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Saturday, April 27, 2013

Three Simple Rules



Three Simple Rules

 

 

If you even walk into a Methodist church you will discover that most Methodists are a bunch of “do gooders”.  John Wesley and his brother Charles really founded the Methodist Church in England in the 18th Century and from the start it was a “do good” movement.  Wesley preached on street corners while emphasizing that Christians should give to the poor, visit the sick and live humbly.

 

And John Wesley passed down his Three Simple Rules for living and Methodists often quote these rules and try to live by them.  Here they are:  Three Simple Rules  1) Do no harm.  2) Do good of every possible sort.  3) Stay in love with God.  Just three simple rules!  Sounds easy to follow, doesn’t it?

 

The first rule “Do no harm” sounds easy. But watch out! The temptation to harm others is ever near.  You can harm another persons’ reputation by gossiping about them or passing on rumors.  Or hurt a persons’ feelings by not treating them with respect.  And it’s so easy to dislike a person and harm them just with your attitude. 

 

Of course you can do great harm by bearing false witness against another or stealing from them. And then there is murder and adultery!  There is a sentence in  the Lords’ Prayer that begs God to help us resist temptation and evil.  “Lead us not into temptation, but deliver us from evil.”  (Matt.6:13a)  Not only should we try to do no harm but we should try to stop others from doing harm if we can. We can not follow rule number one “Do no harm” without Gods’ help.

 

The second rule is “Do good of every possible sort.  ” First of all, in order to do good one needs to slow down.  Slow down and live life in the present.  If you rush through life, people will be invisible to you – you will be blind to their needs.  The story goes that for forty years a woman named Grace ministered to street people in her city and made a big difference in the quality of their lives.  And when she was asked what her secret was in being able to change so many lives, she replied that the secret was that she “walked slowly.”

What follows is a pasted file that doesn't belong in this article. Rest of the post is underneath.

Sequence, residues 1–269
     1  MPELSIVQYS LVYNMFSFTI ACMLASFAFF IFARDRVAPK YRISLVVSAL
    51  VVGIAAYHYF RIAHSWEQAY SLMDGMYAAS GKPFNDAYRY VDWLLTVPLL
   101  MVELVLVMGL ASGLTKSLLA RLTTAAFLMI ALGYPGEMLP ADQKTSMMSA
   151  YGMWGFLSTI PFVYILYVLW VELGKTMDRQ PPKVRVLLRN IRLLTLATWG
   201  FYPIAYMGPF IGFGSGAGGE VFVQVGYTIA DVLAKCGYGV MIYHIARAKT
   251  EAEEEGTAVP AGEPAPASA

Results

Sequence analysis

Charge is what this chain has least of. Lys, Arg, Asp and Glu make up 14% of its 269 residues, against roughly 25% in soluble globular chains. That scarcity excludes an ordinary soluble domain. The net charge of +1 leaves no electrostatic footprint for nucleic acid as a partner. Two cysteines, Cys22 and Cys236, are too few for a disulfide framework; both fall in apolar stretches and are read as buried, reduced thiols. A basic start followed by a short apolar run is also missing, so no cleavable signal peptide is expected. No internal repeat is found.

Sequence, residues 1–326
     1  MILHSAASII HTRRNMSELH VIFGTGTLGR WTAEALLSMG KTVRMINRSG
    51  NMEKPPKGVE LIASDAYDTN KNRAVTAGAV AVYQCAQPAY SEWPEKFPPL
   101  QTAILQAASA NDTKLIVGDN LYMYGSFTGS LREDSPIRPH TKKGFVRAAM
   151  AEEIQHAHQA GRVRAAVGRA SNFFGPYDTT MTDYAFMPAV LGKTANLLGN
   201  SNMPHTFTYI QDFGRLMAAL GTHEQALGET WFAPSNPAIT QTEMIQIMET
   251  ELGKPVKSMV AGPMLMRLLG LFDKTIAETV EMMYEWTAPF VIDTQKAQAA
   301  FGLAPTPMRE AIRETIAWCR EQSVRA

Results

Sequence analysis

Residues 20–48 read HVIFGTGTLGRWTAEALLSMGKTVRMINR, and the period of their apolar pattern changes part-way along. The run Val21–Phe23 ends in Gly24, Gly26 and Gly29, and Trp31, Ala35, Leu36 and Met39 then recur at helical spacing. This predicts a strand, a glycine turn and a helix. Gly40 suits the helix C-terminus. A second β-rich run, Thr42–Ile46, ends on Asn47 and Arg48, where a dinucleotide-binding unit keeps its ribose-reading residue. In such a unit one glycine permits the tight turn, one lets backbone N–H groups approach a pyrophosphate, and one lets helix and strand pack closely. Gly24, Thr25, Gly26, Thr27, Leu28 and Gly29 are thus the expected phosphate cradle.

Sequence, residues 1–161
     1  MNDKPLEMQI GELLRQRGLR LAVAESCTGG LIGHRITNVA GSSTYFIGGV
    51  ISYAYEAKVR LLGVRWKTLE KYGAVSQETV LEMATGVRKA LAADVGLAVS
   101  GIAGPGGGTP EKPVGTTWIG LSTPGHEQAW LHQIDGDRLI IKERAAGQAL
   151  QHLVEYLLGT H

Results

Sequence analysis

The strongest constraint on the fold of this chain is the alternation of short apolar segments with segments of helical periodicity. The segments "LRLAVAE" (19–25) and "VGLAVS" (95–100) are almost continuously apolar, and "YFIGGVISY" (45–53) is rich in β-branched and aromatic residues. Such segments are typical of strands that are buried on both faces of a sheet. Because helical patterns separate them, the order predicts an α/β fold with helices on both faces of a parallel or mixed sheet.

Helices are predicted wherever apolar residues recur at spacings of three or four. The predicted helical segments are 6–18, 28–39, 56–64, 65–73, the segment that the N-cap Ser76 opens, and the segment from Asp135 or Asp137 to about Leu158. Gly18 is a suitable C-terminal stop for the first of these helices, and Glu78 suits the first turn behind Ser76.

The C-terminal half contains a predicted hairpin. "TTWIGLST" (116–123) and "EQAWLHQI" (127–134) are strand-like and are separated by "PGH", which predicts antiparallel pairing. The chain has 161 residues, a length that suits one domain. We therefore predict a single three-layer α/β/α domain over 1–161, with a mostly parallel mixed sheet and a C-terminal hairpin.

In order to do good a person also has to care.  If we don’t really care about another person in need then we will walk on by and look the other way.  One of the seven deadly sins is the sin of sloth or apathy – the sin of not caring enough to do what we can do if we have the opportunity to right a wrong.

 

 Many years ago (1964) newspapers all over the United States printed a sad and disturbing story about a young woman in New York named Kitty Genovese who was murdered by a man with a knife. This knife attack took place in the yard outside of an apartment complex with thirty apartment windows overlooking the crime area.  And it took forty-five minutes for the attacker to slowly kill the young woman with his knife as many folks watched. 

 

As the attacker stabbed Kitty again and again she screamed and ran crying out for help while many watched from the safety of their apartment windows. She rushed frantically from door to door knocking and begging for someone – anyone - to open and let her inside to safety. But for forty-five minutes the crazed man chased this girl stabbing her again and again as groups watched from their apartment windows.

 

Not one of the many onlookers bothered to get involved.  Not one person opened their door to save the desperate girl from her attacker.  Were they afraid they might be hurt as well? Not one of those watching even took the time to call the police.  Finally after time passed and she had been stabbed more than fifty times, Kitty dropped on the cold pavement covered in blood and died alone while people all around her watched.  

 

For months after Kitty’s murder there were angry outcries and questions by the public and by newscasters asking how this could have happened in America!  How could a group of bystanders watch for 45 minutes and do nothing while a girl in their midst was being murdered.  Were these people human?

 

 We all believe that we are safer when we are surrounded by a group.  Since most of the people we know are caring folk, we assume that this general goodwill would cause persons in a group to try to help a person in trouble.  And most of the time that is what happens.  Nearly always good people are nearby to lend a hand when a person is in trouble. That is why the public was so shocked when they heard Kitty’s story.